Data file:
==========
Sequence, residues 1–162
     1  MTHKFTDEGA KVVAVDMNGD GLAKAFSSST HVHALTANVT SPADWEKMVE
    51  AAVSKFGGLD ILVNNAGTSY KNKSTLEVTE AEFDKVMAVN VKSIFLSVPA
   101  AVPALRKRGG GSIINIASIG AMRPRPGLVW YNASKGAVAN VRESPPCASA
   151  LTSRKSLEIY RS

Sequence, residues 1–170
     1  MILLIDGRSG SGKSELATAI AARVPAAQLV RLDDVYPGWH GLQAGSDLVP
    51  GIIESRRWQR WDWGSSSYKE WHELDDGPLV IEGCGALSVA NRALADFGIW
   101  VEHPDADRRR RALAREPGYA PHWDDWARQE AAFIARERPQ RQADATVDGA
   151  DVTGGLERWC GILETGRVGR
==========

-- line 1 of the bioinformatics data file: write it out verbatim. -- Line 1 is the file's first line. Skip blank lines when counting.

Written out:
Sequence, residues 1–162